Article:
Child abuse suspect pleads not guilty

Published 1:43 pm Monday, December 1, 2014

By NEAL WAGNER / Managing Editor

COLUMBIANA – A 26-year-old former Alabaster resident who has been charged with allegedly causing brain damage to her infant son pleaded not guilty to the charge on Dec. 1.



Caitlin Gregory Lunceford, who lists an address in the 6900 block of Harpers Dairy Loop in Bessemer and who previously listed an address in the 500 block of Windsor Court in Alabaster, entered a plea of not guilty to one count of aggravated child abuse on Dec. 1, according to court records.

A Shelby County grand jury returned a one-count indictment of aggravated child abuse against Lunceford during its October term. Lunceford is now scheduled to appear in court for a status hearing on Feb. 2, 2015.

According to Lunceford’s indictment, she allegedly maltreated her infant son, who was about 2 months old and in Lunceford’s care at the time of the incident by “striking and/or hitting and punching and/or shaking the victim.” Lunceford’s arrest warrant claimed she caused “brain damage” to the infant during the Jan. 11 incident.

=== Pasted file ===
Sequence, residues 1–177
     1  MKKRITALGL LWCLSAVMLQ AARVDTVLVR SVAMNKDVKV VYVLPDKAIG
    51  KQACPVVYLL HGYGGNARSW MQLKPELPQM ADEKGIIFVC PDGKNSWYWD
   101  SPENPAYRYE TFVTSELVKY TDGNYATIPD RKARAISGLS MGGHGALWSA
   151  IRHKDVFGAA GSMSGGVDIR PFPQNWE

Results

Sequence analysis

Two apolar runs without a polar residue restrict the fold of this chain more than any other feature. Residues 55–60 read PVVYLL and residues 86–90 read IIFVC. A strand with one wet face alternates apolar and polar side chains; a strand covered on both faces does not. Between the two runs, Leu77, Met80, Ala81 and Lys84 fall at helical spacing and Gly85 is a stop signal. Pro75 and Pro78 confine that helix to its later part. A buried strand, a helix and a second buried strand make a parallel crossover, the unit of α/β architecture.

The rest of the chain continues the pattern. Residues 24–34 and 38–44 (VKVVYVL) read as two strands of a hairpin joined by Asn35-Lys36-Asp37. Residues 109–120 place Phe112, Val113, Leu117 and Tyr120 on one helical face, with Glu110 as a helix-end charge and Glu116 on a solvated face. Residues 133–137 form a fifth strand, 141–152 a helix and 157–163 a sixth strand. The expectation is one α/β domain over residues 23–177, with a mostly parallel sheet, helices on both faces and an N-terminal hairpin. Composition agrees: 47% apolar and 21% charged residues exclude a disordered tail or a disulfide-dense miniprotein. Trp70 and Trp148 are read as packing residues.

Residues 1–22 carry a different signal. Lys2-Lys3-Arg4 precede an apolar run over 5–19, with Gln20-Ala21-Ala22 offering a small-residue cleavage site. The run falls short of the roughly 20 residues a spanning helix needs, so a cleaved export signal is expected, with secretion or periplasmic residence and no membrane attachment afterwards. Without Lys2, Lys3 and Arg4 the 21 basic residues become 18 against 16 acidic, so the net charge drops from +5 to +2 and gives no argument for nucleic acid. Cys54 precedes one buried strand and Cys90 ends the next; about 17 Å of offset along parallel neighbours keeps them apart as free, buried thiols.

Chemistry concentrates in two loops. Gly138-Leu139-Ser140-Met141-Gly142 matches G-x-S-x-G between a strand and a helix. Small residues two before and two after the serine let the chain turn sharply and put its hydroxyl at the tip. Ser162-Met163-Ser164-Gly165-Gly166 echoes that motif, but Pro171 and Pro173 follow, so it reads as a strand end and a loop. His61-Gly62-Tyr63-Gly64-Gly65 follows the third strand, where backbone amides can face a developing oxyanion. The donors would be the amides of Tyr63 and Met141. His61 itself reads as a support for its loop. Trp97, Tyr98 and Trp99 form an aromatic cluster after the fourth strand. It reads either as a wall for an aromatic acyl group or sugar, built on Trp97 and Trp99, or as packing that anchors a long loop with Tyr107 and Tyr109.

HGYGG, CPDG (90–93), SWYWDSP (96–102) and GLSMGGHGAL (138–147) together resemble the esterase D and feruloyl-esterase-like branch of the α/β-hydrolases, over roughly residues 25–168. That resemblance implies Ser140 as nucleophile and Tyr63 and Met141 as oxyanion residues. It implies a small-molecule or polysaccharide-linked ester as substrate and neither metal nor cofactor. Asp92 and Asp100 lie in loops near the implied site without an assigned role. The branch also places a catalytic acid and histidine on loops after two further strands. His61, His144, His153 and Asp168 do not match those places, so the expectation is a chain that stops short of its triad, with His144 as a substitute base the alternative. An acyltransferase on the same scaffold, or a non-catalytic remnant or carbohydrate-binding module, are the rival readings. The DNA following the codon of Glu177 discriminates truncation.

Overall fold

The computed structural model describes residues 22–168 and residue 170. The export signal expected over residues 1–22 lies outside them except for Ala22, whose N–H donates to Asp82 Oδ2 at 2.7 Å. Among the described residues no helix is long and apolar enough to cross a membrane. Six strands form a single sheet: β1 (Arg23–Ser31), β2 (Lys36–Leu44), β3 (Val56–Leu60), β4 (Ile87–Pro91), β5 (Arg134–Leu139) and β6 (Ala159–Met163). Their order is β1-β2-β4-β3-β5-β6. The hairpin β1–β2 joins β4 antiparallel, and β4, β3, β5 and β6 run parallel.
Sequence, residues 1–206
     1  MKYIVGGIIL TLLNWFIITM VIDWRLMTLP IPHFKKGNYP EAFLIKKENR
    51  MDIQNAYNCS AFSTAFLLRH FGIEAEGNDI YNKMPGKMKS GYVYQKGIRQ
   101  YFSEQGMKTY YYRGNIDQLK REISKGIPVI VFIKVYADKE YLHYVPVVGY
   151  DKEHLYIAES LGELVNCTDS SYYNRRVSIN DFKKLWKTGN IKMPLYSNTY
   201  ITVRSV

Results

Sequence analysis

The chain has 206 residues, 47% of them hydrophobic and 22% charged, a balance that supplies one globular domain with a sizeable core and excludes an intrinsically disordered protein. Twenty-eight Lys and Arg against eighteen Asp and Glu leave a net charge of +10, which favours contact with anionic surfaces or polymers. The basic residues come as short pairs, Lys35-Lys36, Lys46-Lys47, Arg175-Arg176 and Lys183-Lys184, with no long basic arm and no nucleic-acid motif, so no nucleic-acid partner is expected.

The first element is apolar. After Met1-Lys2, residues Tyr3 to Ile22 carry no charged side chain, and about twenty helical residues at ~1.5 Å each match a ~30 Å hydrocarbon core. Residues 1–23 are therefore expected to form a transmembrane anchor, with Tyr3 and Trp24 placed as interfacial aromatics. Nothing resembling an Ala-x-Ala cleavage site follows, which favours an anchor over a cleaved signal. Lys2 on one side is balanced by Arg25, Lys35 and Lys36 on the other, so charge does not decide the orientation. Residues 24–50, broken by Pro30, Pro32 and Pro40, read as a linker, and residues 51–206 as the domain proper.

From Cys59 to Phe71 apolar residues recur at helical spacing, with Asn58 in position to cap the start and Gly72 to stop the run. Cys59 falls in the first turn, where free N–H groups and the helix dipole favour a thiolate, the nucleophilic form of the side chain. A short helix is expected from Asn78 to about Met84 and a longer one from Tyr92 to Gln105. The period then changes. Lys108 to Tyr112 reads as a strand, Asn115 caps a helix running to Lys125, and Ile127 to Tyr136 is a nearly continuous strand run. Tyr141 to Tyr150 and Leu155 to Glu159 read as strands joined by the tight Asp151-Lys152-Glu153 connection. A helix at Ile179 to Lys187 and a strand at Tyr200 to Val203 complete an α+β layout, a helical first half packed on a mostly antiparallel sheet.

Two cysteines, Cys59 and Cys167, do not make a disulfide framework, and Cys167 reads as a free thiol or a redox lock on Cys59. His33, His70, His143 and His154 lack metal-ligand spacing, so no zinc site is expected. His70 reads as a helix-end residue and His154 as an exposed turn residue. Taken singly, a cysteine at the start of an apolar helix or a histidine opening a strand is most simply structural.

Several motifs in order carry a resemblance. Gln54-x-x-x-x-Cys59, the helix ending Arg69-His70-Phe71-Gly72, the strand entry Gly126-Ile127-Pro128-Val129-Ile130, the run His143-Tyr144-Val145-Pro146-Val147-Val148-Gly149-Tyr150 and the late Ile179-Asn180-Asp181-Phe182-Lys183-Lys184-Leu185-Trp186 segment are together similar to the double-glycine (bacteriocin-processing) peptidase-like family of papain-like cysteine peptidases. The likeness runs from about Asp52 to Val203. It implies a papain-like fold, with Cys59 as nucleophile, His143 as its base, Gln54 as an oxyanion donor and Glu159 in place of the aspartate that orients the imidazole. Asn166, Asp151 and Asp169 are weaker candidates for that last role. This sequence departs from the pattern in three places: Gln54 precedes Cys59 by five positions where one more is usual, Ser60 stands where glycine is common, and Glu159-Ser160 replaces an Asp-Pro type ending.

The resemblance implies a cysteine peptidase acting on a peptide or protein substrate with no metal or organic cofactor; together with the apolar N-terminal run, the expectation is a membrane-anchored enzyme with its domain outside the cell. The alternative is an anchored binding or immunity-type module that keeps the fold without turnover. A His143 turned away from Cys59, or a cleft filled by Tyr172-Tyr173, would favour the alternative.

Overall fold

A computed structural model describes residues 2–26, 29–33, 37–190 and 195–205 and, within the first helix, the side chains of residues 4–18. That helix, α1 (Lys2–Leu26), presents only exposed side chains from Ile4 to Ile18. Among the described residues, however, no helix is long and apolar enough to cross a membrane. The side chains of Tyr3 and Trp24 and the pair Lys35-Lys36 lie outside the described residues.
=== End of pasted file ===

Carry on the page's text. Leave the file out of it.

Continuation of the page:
The Alabaster Police Department arrested Lunceford on Jan. 23 and charged her with aggravated child abuse, a Class B felony.

In February, Lunceford requested a previous court order denying her contact with her child be lifted, and requested she be allowed supervised visitation for one hour three nights per week. According to court documents, Reeves was scheduled to rule on Lunceford’s request to lift the no contact order, but as of Oct. 30, no ruling had been entered on the matter.

Along with the order requesting supervised visitation, Lunceford’s attorneys, Barry and Lara McCauley Alvis, also filed the results of a polygraph test Lunceford took on Feb. 19 with Sprayberry Polygraph Investigations.

During the test, the polygraphist, Jesse Sprayberry, asked Lunceford if she caused any of the infant’s injuries, if she deliberately injured the child in any way or if she ever lost her temper and injured the child. Lunceford answered “no” to all three questions, according to Sprayberry.

In a motion filed on Sept. 15, Lunceford’s attorneys, Barry and Lara Alvis, again requested Lunceford be granted supervised visitation with the child, claiming “The failure of the child to spend time with its mother can create significant long-term adverse consequences with the child.”